Category Archives: Credit & Auto Loans

How Your Credit Score Could Affect a Car Loan

Is there a connection between your credit score and your ability to get a car loan? What if you’re trying to buy a car even though your credit is less than perfect? Here’s what you need to know about credit scores and car loans.

What do I need to know about credit scores?

First, the basics about credit scores. Your credit score is a 3-digit number that will fall between 300 and 850, with 850 being a perfect score. This number is calculated based on your financial history, which is comprised of factors like your ratio of debt to available credit; the length of your managed credit history; the number of credit types you’ve managed; your recent credit inquiries; and your bill payment history. You can get your credit score for free by contacting one of the 3 major credit bureaus—Equifax, Experian, and TransUnion.

For a more detailed breakdown of credit scoring, see our articles about Understanding Credit Scoring and Tips for Improving Your Credit.

How are credit scores and car loans connected?

Your credit score helps lenders determine whether it may be a risk for them to lend to you. A higher credit score indicates better reliability, since lenders are considering your past financial activity to be indicative of your future activity. As such, a lower credit score may mean you’ll be charged a higher interest rate for your car loan (we’re talking up to 20%). Does that mean there is a minimum credit score to get a car loan? Not necessarily. It will vary from lender to lender.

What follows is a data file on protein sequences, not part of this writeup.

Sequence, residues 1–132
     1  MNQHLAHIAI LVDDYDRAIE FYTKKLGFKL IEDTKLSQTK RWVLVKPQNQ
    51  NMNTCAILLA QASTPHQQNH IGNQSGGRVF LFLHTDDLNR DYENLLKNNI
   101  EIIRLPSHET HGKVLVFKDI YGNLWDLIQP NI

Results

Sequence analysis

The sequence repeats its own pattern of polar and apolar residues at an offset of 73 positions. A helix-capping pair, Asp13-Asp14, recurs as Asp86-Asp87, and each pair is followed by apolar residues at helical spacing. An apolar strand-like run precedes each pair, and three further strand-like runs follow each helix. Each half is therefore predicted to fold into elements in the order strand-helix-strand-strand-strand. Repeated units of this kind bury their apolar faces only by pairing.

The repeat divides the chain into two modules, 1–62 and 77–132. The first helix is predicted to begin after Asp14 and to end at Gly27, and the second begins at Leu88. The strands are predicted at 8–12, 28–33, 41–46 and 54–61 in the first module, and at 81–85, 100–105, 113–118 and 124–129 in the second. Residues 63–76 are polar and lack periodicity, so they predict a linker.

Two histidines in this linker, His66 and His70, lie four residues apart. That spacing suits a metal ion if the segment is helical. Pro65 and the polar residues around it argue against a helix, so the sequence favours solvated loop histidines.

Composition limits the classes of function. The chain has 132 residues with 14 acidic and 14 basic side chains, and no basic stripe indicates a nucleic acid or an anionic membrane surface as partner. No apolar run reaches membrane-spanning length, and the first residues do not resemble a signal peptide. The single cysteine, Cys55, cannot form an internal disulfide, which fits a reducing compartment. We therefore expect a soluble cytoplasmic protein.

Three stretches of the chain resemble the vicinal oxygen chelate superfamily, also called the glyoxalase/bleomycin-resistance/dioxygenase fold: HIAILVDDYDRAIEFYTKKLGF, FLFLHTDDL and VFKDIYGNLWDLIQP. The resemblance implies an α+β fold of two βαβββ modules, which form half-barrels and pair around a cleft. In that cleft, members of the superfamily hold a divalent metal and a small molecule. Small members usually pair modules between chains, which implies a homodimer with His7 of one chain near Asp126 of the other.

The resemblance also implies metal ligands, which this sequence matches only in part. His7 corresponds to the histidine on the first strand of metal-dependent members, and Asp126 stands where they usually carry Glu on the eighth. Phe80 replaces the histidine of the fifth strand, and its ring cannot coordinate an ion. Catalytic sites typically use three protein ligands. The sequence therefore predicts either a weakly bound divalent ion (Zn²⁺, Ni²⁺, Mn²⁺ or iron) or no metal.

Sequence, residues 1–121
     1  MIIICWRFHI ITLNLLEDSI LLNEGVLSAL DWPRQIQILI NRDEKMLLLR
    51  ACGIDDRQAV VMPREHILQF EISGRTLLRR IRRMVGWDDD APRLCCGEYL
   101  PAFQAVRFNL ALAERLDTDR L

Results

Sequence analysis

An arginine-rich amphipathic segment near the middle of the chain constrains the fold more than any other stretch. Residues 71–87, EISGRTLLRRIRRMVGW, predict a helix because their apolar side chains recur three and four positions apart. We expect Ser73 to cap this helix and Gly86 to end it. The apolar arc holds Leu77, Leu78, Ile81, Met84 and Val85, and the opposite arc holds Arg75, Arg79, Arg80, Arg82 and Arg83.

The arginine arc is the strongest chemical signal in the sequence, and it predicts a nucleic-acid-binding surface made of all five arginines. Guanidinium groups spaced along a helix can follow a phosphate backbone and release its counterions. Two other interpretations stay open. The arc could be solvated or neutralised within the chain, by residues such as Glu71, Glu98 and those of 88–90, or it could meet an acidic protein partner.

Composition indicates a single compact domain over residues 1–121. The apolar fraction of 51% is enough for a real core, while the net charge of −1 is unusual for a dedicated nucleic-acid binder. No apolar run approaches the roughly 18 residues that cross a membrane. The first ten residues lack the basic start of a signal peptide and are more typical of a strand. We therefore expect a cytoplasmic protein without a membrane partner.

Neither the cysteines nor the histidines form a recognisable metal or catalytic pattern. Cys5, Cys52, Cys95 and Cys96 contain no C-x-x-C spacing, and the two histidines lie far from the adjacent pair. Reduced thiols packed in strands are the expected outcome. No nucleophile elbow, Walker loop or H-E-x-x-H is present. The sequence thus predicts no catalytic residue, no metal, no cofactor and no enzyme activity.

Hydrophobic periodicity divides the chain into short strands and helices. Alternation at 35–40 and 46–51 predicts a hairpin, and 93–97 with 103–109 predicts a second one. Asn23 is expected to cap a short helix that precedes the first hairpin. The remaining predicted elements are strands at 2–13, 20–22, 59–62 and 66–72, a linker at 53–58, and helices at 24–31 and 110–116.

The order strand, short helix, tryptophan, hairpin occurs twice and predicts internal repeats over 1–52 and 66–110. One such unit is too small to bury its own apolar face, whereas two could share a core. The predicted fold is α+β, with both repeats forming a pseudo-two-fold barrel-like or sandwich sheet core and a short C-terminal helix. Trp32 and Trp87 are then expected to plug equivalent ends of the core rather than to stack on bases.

Can I still get a car loan with bad credit?

It’s certainly possible to figure out how to get a car loan if you have bad credit—you just need to go about it the right way. One of the best things you can do is partner with a specialized lender that is willing to work with customers who have bad credit. To find one, start with a bad credit auto loan direct lender like This will allow you shop around and get multiple offers to find the right lender for your situation.

Want a full breakdown? Read our 5 Steps to Find a Car Loan with Bad Credit.

Interest Rates and Your Credit Profile

Interest Rate Estimator

What Your Interest Rate?

FAQ’s on Interest Rates
The most often asked question we hear from our customers applying for an auto loan or refinance auto loan is, “If I apply what interest rate will I be approved for?” Interesting question with so many answers. First, you have to actually apply before we or any lender would really know. No reputable lender can answer that question without you actually applying and pulling your credit report and credit score.

At we’ve built a tool to help answer this question. Our Interest Rate Estimator tool calculates probable auto loan interest rate outcomes based on four quick questions. This tool returns a range of interest rates from Lowest APR to Highest APR along with the Average APR for your credit type all based on recent data. With this Interest Rate Estimator tool you will have a good understanding of where you stand with us and the many lenders represented on our marketplace lending platform. Additionally we publish our Today’s Lowest Rates chart that provides you with the lowest possible interest rates segmented by loan type and by loan term that you can obtain when applying at